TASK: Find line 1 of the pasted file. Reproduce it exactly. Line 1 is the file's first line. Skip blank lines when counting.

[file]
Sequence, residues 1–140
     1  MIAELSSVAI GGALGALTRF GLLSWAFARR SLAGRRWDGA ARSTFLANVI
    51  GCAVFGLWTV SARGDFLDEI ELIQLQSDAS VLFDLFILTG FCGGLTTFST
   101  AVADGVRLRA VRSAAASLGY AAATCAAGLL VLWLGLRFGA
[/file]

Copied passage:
Sequence, residues 1–140